There was widespread condemnation of the police firing and the government’s inept handling of the situation. Prime Minister Indira Gandhi, sensing the disquiet, sacked veteran politician Gulzarilal Nanda, who was then the home minister. Nanda had served twice as a caretaker PM, when Jawaharlal Nehru and Lal Bahadur Shastri died within a span of less than two years, and was a respected senior figure. He was, however, also a patron of the Bharat Sadhu Samaj and widely seen as sympathetic to the protesters’ cause. The development did not have any immediate fallout but in 1967, Indira saw the rise of regional parties who were backed by RSS-Jan Sangh across the country. For the first time, nine Indian states had non-Congress governments.

The cow slaughter issue subsequently forced Indira Gandhi to set up a panel under a retired Supreme Court chief justice AK Sarkar to see if a nationwide ban on cow slaughter was feasible. She made RSS chief MS Golwalkar a member of the panel, along with the Shankaracharya of Puri, V Kurien of the National Dairy Development Board, economist Ashok Mitra and others. The committee’s initial mandate was to submit a report in six months’ time but it kept delaying until it was dismissed in 1979 by the Moraji Desai government.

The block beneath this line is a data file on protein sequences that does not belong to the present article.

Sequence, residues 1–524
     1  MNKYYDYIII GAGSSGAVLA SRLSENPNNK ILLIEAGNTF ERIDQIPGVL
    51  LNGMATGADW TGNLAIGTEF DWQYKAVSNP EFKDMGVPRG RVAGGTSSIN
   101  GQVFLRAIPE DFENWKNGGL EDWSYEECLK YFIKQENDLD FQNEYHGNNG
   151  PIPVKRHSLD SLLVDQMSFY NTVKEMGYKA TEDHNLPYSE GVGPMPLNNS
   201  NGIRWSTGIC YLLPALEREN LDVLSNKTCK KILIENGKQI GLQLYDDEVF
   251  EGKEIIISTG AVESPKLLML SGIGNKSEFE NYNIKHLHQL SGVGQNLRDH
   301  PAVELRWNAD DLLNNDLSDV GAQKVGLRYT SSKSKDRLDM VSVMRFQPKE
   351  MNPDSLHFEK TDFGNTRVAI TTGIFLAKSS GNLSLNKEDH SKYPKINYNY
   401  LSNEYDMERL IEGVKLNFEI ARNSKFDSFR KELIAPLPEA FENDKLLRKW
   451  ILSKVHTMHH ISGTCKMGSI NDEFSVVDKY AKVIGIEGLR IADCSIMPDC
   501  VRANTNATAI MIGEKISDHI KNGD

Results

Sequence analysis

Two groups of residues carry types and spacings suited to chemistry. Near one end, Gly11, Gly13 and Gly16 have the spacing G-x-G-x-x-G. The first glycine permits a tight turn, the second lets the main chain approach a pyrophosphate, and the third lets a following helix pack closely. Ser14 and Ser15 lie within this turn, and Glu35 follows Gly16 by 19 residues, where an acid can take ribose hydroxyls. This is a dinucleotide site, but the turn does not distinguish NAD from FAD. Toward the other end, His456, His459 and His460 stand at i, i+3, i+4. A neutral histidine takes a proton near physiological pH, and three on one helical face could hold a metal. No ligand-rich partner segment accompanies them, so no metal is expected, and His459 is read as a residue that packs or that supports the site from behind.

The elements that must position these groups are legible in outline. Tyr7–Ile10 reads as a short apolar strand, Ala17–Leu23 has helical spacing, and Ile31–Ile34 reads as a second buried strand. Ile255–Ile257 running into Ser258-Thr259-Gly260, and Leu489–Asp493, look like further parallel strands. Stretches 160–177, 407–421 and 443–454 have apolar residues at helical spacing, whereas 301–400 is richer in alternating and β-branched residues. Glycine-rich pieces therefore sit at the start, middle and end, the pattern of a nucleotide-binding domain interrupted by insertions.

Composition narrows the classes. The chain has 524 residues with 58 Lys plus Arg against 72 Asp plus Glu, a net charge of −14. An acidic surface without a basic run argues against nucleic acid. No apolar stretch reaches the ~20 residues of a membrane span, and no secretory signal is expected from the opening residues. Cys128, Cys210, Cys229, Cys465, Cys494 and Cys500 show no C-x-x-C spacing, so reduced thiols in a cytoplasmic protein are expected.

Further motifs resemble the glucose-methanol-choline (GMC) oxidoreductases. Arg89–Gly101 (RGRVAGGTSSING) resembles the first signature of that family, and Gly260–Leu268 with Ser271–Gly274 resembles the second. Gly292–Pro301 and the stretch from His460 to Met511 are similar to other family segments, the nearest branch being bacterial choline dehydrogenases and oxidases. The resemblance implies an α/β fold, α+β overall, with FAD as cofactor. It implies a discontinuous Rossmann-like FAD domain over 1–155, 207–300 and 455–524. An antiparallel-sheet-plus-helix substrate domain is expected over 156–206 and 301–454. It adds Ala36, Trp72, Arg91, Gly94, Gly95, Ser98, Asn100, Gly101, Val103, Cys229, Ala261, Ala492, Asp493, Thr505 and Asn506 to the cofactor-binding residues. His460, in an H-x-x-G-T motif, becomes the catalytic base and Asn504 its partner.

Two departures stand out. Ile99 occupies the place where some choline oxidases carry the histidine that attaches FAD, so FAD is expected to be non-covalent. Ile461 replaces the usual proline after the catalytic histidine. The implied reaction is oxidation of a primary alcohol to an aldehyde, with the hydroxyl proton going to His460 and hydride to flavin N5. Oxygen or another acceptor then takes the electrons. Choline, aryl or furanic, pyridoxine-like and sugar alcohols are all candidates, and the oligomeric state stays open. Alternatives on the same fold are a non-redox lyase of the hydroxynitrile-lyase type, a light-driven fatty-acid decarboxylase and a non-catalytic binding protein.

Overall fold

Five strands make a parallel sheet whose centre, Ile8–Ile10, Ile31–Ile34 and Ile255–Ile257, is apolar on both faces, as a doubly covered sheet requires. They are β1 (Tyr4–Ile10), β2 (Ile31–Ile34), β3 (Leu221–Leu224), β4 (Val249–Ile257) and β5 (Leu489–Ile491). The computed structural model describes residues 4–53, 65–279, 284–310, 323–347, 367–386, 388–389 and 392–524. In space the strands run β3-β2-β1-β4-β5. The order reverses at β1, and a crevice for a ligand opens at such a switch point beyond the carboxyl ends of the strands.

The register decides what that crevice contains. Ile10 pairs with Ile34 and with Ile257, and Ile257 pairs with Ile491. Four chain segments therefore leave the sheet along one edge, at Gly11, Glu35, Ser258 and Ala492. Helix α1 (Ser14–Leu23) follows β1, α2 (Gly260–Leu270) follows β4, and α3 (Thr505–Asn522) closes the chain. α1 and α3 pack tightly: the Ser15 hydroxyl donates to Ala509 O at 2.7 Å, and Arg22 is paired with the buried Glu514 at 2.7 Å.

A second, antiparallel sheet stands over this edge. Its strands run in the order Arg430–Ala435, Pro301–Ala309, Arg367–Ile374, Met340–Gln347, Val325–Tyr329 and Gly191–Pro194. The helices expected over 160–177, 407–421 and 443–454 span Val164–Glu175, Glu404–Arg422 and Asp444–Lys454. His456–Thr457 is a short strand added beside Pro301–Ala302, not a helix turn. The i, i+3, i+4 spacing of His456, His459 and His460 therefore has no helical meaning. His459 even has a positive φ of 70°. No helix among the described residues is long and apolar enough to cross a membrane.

After a great struggle, cow slaughter is illegal in all the states of India, with Jammu & Kashmir and Jharkhand leading the list in the terms of severity of punishment. A person found guilty of cow slaughter can be sent to 10 years imprisonment in these two states. In Bihar, slaughter of cows, calves banned; of bulls, bullocks older than 15 years allowed. Violators face 6 months’ jail and/or Rs 1,000 fine. Slaughter of cow, buffalo, bull, bullock, calf, and possession of their meat banned in Punjab. Transport, export to other states for slaughter is also banned; attracts the same punishment of 7 years’ jail, fine up to Rs 50,000. Slaughter of all cow clans punishable by 5 years’ jail in Himachal Pradesh. Killing allowed in the interest of research, or if an animal has contagious disease.

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Vaidehi Taman
Vaidehi Taman
Vaidehi Taman an Accredited Journalist from Maharashtra is bestowed with three Honourary Doctorate in Journalism. Vaidehi has been an active journalist for the past 21 years, and is also the founding editor of an English daily tabloid – Afternoon Voice, a Marathi web portal – Mumbai Manoos, and The Democracy digital video news portal is her brain child. Vaidehi has three books in her name, "Sikhism vs Sickism", "Life Beyond Complications" and "Vedanti". She is an EC Council Certified Ethical Hacker, OSCP offensive securities, Certified Security Analyst and Licensed Penetration Tester that caters to her freelance jobs.